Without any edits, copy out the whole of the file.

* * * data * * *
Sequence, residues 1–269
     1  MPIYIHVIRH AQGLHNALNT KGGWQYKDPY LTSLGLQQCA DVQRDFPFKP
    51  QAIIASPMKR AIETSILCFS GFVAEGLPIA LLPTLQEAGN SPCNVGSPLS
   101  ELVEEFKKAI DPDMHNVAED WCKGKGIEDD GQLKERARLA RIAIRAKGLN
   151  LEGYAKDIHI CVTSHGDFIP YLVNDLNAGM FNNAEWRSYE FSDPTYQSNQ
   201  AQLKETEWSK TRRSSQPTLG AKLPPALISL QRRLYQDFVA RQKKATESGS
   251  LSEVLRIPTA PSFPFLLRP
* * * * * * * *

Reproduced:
Sequence, residues 1–269
     1  MPIYIHVIRH AQGLHNALNT KGGWQYKDPY LTSLGLQQCA DVQRDFPFKP
    51  QAIIASPMKR AIETSILCFS GFVAEGLPIA LLPTLQEAGN SPCNVGSPLS
   101  ELVEEFKKAI DPDMHNVAED WCKGKGIEDD GQLKERARLA RIAIRAKGLN
   151  LEGYAKDIHI CVTSHGDFIP YLVNDLNAGM FNNAEWRSYE FSDPTYQSNQ
   201  AQLKETEWSK TRRSSQPTLG AKLPPALISL QRRLYQDFVA RQKKATESGS
   251  LSEVLRIPTA PSFPFLLRP